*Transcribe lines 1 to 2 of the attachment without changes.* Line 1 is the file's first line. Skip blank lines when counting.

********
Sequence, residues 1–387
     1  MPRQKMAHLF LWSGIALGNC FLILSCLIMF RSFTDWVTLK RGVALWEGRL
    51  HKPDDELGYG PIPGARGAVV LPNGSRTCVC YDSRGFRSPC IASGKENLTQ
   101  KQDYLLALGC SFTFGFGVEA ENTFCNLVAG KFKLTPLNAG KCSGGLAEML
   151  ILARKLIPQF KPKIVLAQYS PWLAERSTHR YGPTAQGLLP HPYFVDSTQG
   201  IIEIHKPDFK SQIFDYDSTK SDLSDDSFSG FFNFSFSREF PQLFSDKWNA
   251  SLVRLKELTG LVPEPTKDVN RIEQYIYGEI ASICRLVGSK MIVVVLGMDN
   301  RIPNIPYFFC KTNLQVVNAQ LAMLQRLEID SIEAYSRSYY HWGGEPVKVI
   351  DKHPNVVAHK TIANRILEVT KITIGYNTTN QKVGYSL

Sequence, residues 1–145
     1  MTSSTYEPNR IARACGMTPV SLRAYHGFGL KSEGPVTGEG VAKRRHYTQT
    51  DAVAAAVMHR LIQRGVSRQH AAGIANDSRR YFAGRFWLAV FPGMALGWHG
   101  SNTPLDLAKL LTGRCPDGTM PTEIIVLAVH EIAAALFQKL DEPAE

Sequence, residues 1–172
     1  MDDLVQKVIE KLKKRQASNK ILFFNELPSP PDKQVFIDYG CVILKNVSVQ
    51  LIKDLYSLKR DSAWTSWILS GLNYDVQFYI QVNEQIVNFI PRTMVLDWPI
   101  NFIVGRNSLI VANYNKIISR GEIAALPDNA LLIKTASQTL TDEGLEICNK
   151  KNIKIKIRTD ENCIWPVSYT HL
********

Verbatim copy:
Sequence, residues 1–387
     1  MPRQKMAHLF LWSGIALGNC FLILSCLIMF RSFTDWVTLK RGVALWEGRL